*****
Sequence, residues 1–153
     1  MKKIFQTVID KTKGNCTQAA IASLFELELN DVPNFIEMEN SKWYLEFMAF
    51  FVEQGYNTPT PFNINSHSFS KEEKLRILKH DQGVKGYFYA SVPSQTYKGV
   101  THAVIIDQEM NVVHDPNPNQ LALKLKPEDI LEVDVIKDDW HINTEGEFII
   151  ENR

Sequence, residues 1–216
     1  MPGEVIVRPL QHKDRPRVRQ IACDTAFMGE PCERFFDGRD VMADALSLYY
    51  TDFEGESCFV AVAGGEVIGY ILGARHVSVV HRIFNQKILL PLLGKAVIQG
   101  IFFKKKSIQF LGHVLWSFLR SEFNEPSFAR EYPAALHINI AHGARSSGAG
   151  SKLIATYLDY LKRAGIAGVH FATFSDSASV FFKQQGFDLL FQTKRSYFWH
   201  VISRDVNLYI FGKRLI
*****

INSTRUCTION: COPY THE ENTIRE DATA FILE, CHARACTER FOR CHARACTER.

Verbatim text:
Sequence, residues 1–153
     1  MKKIFQTVID KTKGNCTQAA IASLFELELN DVPNFIEMEN SKWYLEFMAF
    51  FVEQGYNTPT PFNINSHSFS KEEKLRILKH DQGVKGYFYA SVPSQTYKGV
   101  THAVIIDQEM NVVHDPNPNQ LALKLKPEDI LEVDVIKDDW HINTEGEFII
   151  ENR

Sequence, residues 1–216
     1  MPGEVIVRPL QHKDRPRVRQ IACDTAFMGE PCERFFDGRD VMADALSLYY
    51  TDFEGESCFV AVAGGEVIGY ILGARHVSVV HRIFNQKILL PLLGKAVIQG
   101  IFFKKKSIQF LGHVLWSFLR SEFNEPSFAR EYPAALHINI AHGARSSGAG
   151  SKLIATYLDY LKRAGIAGVH FATFSDSASV FFKQQGFDLL FQTKRSYFWH
   201  VISRDVNLYI FGKRLI